The paper goes on to conclude that a ‘Catholic school is anything but a communitarian school. It is open to all. In many European, American, Arab, African or Asian countries, the Catholic school welcomes mainly, or even exclusively, Muslim pupils, Buddhists, animists, or pupils of other religions, even those without religion. It must constantly promote intercultural and inter-religious dialogue’.

In September, the UK Government announced that it will no longer require religious free schools in England to leave at least half of their places open to local children regardless of religion or belief, proposing instead to allow all new and existing religious free schools to select 100% of their places with reference to religion.

The move was largely provoked by claims from the CES, subsequently echoed by the Prime Minister, that the so-called 50% cap on religious selection contravenes ‘canon law’. In protest to the cap, the CES has not supported the opening of free schools since it was introduced.

However, the OIEC has now, effectively, condemned this approach. Its remarks add further weight to the growing recognition that the CES’s position is not only at odds with the views of most Catholics in England and around the world, but also represents a political tactic rather than a genuine religious objection.

Earlier this month, a poll conducted by Populus found that 63% of Catholics are opposed to any religious selection in state school admissions, and a survey carried out by the BHA in September found that the vast majority of Catholic private schools in England do not select all of their places on religious grounds, with many saying they do not religiously select at all. Around the world, a recent OECD survey identified Ireland, Israel, and Estonia as allowing their state schools to religiously select, while many schools in Scotland have open admissions.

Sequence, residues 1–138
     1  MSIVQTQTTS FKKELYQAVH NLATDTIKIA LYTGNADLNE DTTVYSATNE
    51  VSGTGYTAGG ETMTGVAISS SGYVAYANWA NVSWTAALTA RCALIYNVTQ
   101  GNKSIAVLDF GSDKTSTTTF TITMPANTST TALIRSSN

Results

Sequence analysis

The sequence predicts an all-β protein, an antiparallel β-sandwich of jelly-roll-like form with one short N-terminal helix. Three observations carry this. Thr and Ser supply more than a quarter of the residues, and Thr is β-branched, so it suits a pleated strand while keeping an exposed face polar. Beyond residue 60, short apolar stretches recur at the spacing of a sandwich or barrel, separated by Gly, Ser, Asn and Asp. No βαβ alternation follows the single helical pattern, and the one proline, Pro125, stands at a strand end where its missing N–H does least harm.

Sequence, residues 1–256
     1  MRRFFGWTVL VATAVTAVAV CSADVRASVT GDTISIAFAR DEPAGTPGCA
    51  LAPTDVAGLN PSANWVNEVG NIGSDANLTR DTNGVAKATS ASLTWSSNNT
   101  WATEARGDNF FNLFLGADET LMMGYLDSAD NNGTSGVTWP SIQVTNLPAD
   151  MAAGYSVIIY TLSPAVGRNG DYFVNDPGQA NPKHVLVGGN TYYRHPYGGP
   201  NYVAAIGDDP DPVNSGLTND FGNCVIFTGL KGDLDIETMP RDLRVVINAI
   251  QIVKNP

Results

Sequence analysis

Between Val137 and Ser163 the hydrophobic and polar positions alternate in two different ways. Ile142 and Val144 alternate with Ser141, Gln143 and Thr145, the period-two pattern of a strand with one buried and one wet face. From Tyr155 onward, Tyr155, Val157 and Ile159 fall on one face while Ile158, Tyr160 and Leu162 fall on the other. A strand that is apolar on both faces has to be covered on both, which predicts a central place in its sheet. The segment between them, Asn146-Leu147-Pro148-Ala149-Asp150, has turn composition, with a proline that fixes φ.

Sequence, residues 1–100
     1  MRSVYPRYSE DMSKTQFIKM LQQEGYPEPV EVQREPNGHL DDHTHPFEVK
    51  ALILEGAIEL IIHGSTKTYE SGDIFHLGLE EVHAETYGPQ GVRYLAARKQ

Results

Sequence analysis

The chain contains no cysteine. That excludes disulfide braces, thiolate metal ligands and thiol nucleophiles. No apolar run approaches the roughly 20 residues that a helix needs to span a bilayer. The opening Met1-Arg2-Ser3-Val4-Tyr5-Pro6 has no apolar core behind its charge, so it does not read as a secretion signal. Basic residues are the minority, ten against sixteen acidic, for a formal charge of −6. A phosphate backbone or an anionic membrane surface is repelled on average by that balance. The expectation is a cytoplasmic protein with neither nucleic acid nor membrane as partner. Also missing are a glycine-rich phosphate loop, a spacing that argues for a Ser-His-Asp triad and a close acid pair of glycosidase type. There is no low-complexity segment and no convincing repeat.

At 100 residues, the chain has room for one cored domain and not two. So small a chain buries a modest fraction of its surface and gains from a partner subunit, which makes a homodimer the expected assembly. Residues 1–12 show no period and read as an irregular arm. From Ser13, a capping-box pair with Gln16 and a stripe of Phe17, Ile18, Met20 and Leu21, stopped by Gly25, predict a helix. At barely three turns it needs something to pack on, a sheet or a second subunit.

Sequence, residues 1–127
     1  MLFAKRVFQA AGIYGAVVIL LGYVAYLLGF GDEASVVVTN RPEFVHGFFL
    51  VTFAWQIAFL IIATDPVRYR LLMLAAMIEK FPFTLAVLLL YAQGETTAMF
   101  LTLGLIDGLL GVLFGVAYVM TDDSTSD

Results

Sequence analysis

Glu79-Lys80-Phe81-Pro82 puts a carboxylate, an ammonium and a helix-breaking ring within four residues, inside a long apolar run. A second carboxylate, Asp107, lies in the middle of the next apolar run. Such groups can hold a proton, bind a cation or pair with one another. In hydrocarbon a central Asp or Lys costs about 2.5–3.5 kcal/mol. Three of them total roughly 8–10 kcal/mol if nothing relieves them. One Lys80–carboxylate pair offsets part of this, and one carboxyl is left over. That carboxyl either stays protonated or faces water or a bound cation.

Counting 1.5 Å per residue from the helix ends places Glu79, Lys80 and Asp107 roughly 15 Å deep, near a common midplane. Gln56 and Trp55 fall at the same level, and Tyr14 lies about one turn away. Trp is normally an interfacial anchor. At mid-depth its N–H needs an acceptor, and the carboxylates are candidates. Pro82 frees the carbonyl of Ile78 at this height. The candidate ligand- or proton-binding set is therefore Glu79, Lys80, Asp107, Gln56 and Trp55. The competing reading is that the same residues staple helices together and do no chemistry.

‘It is becoming increasingly unclear what the motivation of the Catholic Education Service is in lobbying for more freedom to discriminate against and segregate children on the basis of religion,’ said BHA Education Campaigner Jay Harman.

‘Its position is not supported by the majority of Catholics, it is evidently not supported by canon law, and now we see that it is not supported by its parent organisation either. In fact, even the director of the CES has expressed concern over the consequences of moving back to single-faith schools.

‘It’s time for the Government to recognise that bowing to a disingenuous and self-interested religious lobby at the expense of the better interests of children is no way to make policy, so we will continue to encourage both the Prime Minister and the Education Secretary to urgently reconsider its plans to remove the 50% cap.’
Alan Henness

There are three fundamental questions for anyone advocating Brexit:

1. What, precisely, are the significant and tangible benefits of leaving the EU?
2. What damage to the UK and its citizens is an acceptable price to pay for those benefits?
3. Which ruling of the ECJ is most persuasive of the need to leave its jurisdiction?

User avatar
Alan H
Posts: 22737
Joined: July 3rd, 2007, 10:26 pm

Re: The future of education (if any)

#761 Postby Alan H » December 1st, 2016, 6:41 pm

Alan Henness

There are three fundamental questions for anyone advocating Brexit:

1. What, precisely, are the significant and tangible benefits of leaving the EU?
2. What damage to the UK and its citizens is an acceptable price to pay for those benefits?
3. Which ruling of the ECJ is most persuasive of the need to leave its jurisdiction?


Return to “Education”

Who is online

Users browsing this forum: No registered users and 1 guest